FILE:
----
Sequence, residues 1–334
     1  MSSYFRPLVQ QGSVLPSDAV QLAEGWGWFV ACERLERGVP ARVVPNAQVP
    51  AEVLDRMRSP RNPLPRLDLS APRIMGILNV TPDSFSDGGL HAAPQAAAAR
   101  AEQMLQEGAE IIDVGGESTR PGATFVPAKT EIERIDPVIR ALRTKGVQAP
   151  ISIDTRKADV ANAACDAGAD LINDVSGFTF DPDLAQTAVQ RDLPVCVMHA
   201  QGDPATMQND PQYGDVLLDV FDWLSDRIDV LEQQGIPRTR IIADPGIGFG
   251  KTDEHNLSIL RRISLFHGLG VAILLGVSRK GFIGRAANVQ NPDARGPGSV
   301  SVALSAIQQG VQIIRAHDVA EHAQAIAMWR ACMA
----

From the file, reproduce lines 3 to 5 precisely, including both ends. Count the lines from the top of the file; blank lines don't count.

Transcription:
    51  AEVLDRMRSP RNPLPRLDLS APRIMGILNV TPDSFSDGGL HAAPQAAAAR
   101  AEQMLQEGAE IIDVGGESTR PGATFVPAKT EIERIDPVIR ALRTKGVQAP
   151  ISIDTRKADV ANAACDAGAD LINDVSGFTF DPDLAQTAVQ RDLPVCVMHA